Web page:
Not so fast, at least: the brand's parent company says CK Jeans will get a not-quite-so-fashion-forward tweak.
This is an odd way to start a story about a fashion conglomerate, but stay with me: consider Tom Thibodeau. The Minnesota Timberwolves head coach is also his team’s general manager, and so far the evidence—signing a bunch of over-the-hill guys who used to play for him, and trading his best player—suggests that it’s difficult to do both jobs effectively. The idea is that the need to perform day-in and day-out directly conflicts with the imperative to build a sustainable future.
Which brings us to Raf Simons. In addition to running his own line, the beloved Belgian designer serves as the chief creative officer of Calvin Klein. It’s a hefty brief, literally: Simons oversees Calvin Klein’s underwear division, along with divisions like denim, men’s and women’s 205W39NYC runway collections, and home goods. He’s also in charge of the marketing. New York fashion critic Cathy Horyn described this degree of control as “unprecedented” when Simons was hired, and he quickly set about exercising it: Simons tasked Peter Saville with redesigning the brand’s classic logo, and started churning out runway collections that traded CK’s previous earth-toned minimalism for high-contrast, high-fashion takes on Americana. He also redesigned the brand’s stores, embarked on an art- and undies-heavy series of advertising campaigns (including an unheard-of partnership with the Andy Warhol Foundation), and churned out more than one affordably-priced line of jeans and basics.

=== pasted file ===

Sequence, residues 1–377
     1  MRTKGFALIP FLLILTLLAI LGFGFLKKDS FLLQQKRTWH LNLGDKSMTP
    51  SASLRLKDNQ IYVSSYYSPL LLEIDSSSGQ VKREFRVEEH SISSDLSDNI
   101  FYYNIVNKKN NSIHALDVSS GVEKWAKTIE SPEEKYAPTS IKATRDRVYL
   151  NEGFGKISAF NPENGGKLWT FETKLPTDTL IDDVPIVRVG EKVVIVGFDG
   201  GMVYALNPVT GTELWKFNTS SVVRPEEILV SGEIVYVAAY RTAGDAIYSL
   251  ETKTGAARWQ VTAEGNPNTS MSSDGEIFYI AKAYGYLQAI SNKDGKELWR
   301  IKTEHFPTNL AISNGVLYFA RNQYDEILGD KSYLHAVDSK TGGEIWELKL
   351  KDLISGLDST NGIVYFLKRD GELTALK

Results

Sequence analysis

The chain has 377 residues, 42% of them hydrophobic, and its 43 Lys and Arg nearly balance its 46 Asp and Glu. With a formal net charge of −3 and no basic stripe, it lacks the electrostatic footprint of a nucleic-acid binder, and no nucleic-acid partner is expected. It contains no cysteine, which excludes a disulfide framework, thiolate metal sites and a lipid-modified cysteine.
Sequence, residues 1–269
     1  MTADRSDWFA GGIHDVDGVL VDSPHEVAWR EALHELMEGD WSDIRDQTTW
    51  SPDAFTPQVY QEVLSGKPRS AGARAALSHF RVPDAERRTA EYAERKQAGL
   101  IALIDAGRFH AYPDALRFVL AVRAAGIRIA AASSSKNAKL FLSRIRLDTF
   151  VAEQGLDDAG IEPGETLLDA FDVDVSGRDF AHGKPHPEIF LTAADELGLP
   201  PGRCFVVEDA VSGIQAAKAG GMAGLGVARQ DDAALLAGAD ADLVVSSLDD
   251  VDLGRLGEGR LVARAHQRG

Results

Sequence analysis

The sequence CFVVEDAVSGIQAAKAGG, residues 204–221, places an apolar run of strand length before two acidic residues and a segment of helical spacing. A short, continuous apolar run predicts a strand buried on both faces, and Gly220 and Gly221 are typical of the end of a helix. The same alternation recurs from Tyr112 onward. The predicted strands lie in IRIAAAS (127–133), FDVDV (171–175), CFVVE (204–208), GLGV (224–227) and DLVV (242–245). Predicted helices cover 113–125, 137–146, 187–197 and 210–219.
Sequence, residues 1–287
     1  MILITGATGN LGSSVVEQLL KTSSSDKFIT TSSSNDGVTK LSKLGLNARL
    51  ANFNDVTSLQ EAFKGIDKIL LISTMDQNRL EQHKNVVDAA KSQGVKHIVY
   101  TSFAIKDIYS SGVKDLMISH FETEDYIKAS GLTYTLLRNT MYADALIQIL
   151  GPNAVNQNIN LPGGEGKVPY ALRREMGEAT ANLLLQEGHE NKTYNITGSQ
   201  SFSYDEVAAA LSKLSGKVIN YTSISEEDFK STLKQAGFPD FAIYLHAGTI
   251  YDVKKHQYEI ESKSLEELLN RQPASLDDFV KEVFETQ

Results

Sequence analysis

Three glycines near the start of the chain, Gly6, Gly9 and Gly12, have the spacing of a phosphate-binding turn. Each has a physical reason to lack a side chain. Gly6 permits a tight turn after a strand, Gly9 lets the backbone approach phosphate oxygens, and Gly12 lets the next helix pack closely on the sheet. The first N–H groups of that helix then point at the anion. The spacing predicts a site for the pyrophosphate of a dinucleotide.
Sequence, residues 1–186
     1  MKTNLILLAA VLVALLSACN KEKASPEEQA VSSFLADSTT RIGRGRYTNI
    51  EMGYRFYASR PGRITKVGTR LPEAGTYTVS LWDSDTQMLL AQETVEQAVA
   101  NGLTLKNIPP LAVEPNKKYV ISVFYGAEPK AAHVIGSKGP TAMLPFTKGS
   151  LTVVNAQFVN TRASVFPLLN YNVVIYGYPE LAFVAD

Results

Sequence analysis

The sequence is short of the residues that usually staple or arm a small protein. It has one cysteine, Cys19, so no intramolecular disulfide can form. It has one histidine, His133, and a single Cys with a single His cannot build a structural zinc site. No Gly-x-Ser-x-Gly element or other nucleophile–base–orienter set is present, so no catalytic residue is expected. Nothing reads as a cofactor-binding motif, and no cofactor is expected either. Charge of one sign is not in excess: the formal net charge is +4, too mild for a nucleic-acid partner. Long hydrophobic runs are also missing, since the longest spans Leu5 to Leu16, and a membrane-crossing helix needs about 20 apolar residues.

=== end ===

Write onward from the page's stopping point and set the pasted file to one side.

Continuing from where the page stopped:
Critics have loved much of it; Simons’ outsider’s take on American myth—marching bands, horror movies, barns, Warhol—has resonated. The clothes are also very cool, and instantly recognizable—meaning they’ve been catnip for the influencer class, too. (Just ask Jeff Goldblum.) But running Calvin Klein means more than just turning out killer runway collections, and it seems as if Simons' vision isn’t as beloved in every corner of the massive business.
Emmanuel Chirico, chairman of CK parent company PVH, told investors on a recent conference call that he is “disappointed” with the brand’s performance, WWD reports. The company’s quarterly earnings were down $21 million year over year, which CK attributes to a $10 million bump in advertising costs—and that’s where new changes will take place, to start. Budgets for the notably extravagant runway shows will be shifted over toward marketing, per WWD, and the way that money is spent will change, too: the paper quotes Chirico as saying that “halo marketing”—think those big, shiny, Warhol- and Kardashian-filled ads—will give way to micro-influencer marketing on social media.
Chirico’s most pungent comments, though, were reserved for CK Jeans, the brand’s workhorse denim line. That offering—a fashion-friendly collection marked by jeans with side stripes and boxy denim jackets—was, per Chirico, “too elevated and too fashion-forward for our core consumer.” It turns out that mallgoers might not want trickle-down Raf so much as they want jeans that just look like...jeans.
For now, Calvin Klein isn’t in any kind of trouble—the company’s yearly revenue has ticked up relative to last year. But Simons is as big a star as the fashion industry has right now; that PVH has decided that his vision needs an adjustment feels significant. This is in part because Simons’ Sauron-like job description is slowly becoming the new normal. When Celine hired rock star Hedi Slimane earlier this year, he got a similar deal: he’s the “artistic, creative, and image director,” and is overseeing that line’s extension into menswear and fragrance. He’ll also do the ads. At Burberry, too, new hire Riccardo Tisci has a heavy brief as chief creative officer. But those are all luxury brands; none of them have to worry about balancing bleeding-edge runway collections with basics for basics to buy, as Simons does. Running a business of that size and breadth is a herculean task, and wearing multiple hats will tire out even the strongest neck. The fashion world is better off for having Simons’ runway collections at Calvin Klein, but his future at the brand might be tied to doing something a little further outside his comfort zone: selling jeans that people who’ve never heard of Raf Simons want to buy.
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